Air New Zealand poked fun at Prince Harry and Meghan Markle on social media after debunking a claim made by the Duke of Sussex in his new memoir “Spare.”
In the bestselling book, the 38-year-old recalled that Markle booked a first-class Air New Zealand ticket from Mexico to the United Kingdom for her father Thomas Markle in 2018.
However, a representative for the airline told the New Zealand Herald that it has never operated flights between Mexico and the UK and does not offer first-class tickets. The airline later seemingly took a dig at the couple on its official Twitter page.
“Introducing #SussexClass. Apparently coming soon,” the company wrote on Friday, adding emojis of a crown and eyes.
In “Spare,” Harry wrote that he and his wife urged her father to leave Mexico and fly to the UK to avoid harassment by the media after Thomas was caught staging paparazzi photos ahead of the couple’s 2018 royal wedding.
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“We told him, leave Mexico right now: A whole new level of harassment is about to rain down on you, so come to Britain. Now,” the Duke of Sussex wrote.
An airline spokesperson responded to the claims on Thursday, telling The New Zealand Herald, “We’ve never had flights between Mexico and the UK. And we only have premier business.”
Twitter users had a mixed reaction to Air New Zealand’s tweet in the replies, with some praising the cheeky response.
“Just another one of Harold’s many lies… busted,” wrote one social media user. “BRILLIANT!” another chimed in, adding three heart emojis.
“Love the personality of Air New Zealand,” added one user.
However, others slammed the airline over the yoke.
“How unprofessional,” one commenter said.
“Bad form air nz,” another agreed. “Someone in the social media team clearly isn’t a Harry fan and thought the entire customer base would find this funny.”
“Wow, I had a really good impression of Air New Zealand until seeing this. Surprisingly petty. Gross,” another Twitter user chimed in.
Some also defended Harry’s account, arguing that Markle could have bought a ticket that included a layover in Los Angeles or a separate flight to LAX.
Since “Spare” was published Jan. 10, some readers have pointed to other alleged inconsistencies in the book.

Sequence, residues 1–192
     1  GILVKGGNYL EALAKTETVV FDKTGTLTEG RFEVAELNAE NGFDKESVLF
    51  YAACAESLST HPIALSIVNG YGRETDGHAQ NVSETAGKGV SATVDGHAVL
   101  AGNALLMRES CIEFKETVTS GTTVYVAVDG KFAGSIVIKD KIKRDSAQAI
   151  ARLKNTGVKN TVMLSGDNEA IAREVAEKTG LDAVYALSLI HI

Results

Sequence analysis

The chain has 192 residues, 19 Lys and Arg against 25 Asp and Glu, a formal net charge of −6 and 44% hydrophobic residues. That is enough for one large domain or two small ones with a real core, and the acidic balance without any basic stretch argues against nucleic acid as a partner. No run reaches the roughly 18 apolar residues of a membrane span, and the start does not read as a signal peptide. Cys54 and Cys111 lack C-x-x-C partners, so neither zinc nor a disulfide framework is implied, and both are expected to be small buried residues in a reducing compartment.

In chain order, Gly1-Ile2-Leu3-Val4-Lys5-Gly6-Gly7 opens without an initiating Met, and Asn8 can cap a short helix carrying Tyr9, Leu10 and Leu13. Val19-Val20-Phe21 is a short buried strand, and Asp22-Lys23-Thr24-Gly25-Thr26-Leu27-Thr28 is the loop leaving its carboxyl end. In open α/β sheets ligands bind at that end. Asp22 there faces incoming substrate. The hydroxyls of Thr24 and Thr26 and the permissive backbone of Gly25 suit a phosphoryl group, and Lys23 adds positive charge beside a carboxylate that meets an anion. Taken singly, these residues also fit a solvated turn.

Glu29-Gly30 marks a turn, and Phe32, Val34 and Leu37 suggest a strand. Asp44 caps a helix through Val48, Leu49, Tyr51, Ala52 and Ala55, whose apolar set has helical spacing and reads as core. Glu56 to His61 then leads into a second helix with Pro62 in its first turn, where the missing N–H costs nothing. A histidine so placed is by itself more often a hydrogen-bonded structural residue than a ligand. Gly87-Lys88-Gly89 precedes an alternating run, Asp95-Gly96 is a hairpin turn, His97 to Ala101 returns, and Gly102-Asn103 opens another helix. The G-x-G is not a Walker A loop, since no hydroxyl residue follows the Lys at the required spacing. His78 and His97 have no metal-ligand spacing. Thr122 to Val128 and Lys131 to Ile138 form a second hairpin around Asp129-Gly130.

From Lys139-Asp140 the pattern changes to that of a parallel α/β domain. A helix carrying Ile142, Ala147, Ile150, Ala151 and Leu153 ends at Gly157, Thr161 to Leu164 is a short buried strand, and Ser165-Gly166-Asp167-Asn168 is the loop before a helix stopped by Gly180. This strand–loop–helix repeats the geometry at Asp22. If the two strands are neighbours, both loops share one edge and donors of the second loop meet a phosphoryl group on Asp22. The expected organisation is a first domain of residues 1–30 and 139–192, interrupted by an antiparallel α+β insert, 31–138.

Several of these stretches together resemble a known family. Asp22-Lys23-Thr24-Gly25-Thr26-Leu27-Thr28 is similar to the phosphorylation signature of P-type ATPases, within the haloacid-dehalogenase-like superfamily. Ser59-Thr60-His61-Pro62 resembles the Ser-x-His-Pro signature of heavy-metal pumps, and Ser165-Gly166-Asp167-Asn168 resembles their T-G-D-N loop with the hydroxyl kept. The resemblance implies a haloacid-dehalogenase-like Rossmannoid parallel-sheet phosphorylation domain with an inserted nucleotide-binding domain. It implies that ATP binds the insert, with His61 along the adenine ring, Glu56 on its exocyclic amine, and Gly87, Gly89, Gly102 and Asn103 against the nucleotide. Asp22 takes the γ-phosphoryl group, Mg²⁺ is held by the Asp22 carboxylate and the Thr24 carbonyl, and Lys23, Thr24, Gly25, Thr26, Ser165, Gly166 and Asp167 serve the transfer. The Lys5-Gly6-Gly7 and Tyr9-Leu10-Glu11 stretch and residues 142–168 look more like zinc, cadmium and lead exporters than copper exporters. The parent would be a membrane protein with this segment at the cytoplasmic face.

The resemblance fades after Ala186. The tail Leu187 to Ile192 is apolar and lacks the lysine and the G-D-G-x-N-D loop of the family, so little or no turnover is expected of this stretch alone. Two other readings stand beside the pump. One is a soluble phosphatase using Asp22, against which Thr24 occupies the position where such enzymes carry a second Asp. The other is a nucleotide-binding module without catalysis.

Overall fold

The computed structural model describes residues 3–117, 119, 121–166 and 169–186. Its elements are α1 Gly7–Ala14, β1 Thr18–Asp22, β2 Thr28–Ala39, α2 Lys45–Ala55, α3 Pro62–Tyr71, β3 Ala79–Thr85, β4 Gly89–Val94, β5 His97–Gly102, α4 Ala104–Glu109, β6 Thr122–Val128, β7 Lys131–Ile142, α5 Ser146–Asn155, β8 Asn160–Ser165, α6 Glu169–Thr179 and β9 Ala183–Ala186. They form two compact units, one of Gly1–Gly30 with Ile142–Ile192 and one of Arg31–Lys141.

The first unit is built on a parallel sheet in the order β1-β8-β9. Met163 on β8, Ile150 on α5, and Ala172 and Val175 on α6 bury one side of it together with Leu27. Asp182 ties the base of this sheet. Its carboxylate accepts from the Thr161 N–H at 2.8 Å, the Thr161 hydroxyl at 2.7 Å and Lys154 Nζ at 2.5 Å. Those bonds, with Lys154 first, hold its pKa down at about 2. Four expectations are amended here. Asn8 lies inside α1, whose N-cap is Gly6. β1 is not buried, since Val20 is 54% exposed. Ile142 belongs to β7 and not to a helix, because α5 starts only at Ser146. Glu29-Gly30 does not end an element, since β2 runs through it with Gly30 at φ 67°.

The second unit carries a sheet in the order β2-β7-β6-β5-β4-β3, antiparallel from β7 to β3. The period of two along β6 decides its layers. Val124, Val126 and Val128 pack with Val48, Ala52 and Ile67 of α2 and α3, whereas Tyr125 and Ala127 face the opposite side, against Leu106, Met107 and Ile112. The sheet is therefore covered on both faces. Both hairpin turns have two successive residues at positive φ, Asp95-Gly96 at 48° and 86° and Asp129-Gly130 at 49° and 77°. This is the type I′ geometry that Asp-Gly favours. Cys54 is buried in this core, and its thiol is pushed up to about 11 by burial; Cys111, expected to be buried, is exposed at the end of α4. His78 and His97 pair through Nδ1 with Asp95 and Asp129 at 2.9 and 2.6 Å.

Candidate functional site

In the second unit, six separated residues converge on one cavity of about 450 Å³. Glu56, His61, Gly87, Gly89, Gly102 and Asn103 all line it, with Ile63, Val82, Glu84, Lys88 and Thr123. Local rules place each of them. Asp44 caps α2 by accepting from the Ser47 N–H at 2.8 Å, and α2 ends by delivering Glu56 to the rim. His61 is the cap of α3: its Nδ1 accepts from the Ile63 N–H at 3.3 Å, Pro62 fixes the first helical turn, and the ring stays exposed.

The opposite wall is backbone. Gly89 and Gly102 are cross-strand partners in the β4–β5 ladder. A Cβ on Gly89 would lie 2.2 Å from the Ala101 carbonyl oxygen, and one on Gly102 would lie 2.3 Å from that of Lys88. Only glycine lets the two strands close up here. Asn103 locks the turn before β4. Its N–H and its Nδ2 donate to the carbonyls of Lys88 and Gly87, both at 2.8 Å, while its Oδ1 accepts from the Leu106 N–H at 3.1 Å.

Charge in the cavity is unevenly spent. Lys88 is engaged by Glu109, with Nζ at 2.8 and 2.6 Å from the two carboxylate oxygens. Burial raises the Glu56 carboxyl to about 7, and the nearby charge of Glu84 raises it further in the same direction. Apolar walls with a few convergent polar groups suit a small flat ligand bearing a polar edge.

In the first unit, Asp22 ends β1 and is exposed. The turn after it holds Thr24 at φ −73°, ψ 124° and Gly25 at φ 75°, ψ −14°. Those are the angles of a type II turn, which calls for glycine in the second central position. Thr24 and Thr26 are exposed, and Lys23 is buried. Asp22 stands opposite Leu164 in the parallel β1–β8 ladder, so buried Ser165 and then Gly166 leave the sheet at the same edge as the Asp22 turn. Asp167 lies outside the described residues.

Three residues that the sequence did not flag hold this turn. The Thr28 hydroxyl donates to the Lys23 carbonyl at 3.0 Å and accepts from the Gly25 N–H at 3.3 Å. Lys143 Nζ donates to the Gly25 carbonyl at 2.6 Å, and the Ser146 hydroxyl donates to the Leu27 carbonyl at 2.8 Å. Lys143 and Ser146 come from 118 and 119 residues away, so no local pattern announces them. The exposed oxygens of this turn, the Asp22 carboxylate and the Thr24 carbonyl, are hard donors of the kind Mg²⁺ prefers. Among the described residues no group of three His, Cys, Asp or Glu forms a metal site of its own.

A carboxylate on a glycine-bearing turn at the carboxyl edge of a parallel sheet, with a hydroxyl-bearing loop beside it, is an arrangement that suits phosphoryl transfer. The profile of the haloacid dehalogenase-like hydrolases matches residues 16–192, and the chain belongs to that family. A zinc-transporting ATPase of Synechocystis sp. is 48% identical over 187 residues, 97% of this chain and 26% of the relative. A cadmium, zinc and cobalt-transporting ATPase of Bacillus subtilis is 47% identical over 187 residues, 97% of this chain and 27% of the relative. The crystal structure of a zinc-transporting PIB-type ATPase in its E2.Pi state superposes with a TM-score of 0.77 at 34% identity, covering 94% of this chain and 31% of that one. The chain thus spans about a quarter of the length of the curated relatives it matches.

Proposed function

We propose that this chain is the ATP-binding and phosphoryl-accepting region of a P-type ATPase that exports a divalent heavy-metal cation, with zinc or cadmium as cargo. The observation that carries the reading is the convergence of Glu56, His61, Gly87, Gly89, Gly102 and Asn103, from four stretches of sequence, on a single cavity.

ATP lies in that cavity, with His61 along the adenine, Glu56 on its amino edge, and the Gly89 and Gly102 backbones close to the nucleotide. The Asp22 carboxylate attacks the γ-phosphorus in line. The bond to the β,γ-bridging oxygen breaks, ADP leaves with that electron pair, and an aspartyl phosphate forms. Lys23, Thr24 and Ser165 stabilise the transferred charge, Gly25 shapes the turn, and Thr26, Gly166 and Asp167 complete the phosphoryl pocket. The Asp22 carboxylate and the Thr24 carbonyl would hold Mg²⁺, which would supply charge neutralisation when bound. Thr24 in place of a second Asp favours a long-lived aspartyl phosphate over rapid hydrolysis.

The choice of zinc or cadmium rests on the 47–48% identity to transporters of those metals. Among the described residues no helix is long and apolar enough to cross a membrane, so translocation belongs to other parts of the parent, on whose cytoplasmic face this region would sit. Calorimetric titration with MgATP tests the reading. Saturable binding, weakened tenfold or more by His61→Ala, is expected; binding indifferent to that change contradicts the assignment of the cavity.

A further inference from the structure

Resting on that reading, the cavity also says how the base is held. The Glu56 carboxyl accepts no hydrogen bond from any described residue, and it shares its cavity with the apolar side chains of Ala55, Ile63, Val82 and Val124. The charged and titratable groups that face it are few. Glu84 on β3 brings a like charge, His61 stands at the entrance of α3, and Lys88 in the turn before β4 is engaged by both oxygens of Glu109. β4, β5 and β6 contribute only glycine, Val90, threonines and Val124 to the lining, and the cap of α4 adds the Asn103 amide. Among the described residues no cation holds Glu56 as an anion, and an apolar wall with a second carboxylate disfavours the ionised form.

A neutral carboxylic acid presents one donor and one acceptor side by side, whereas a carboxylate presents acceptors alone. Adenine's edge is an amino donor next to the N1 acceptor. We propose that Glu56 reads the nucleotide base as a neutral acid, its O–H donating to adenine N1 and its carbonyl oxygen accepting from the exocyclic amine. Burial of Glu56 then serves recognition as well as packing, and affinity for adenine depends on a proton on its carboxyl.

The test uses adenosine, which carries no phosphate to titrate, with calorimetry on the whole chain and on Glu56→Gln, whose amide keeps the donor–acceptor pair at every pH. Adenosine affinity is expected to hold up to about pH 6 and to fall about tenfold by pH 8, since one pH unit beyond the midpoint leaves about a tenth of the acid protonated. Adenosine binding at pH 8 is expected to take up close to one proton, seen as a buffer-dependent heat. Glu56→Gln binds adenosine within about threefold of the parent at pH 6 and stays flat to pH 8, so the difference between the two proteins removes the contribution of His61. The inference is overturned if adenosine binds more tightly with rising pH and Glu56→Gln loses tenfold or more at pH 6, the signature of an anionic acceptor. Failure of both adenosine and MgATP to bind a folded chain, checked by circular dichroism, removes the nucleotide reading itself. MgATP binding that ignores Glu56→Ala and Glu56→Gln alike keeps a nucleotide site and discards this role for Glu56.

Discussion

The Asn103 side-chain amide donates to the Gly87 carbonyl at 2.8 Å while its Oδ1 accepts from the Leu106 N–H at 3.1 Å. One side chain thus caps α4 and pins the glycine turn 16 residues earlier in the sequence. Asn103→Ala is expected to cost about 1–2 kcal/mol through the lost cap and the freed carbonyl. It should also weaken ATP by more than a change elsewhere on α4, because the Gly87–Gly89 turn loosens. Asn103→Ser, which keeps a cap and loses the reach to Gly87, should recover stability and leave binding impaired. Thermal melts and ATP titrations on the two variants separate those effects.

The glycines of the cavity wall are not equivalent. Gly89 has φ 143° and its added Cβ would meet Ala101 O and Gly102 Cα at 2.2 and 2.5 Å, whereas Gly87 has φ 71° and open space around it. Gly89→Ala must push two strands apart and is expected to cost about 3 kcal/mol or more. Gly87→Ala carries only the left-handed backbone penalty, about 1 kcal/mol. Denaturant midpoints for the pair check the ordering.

In his memoir, Harry referred to King Henry VI, who founded his alma mater Eton College as his “great-great-great-great-great-great-great-great-grandfather.”
However, historians and social media users noted that King Henry VI’s only son Edward of Westminster died aged 17 at the Battle of Tewkesbury without having children.
Harry also penned that he was at Eton when his great-grandmother, Queen Elizabeth the Queen Mother, died in March 2002. According to GB News, citing extensive coverage by news reports at the time, Harry was on a ski trip in Switzerland when the Queen Mother passed away.
Photos captured Harry returning to the UK the day after her death, according to the outlet.
Additionally, Harry shared that he received an Xbox for his 13th birthday in September 1997. He wrote that the gift was from his mother Princess Diana and was given to him by his aunt Lady Sarah McCorquodale after Diana died in a car accident in August 1997.
Social media users were quick to point out that the Xbox gaming console wasn’t released in the US until November 2001 and was first released in Europe and Australia in March 2002.
Representatives for Harry, Markle and Penguin Random House did not immediately respond to FOX Business’ request for comment.
JR Moehringer, the Pulitzer Prize-winning ghostwriter behind “Spare,” appeared to defend the alleged inaccuracies in the memoir with a Tweet Wednesday in which he posted a quote by author Mary Karr.
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“The line between memory and fact is blurry, between interpretation and fact. There are inadvertent mistakes of those kinds out the wazoo,” the quote said.
After its highly-anticipated release, the explosive tell-all broke a record for its publisher, selling 1.4 million copies its first day of publication.
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“Penguin Random House announced today the English language edition of SPARE, the memoir by Prince Harry, the Duke of Sussex, sold more than 1,430,000 million units in all formats and editions in the United States, Canada and the UK on its first day publication, Tuesday, January 10, 2023,” a statement by Penguin Random House said, according to People magazine.
“The first full day of sales of SPARE represents the largest first-day sales total for any nonfiction book ever published by Penguin Random House, the world’s largest trade publisher.”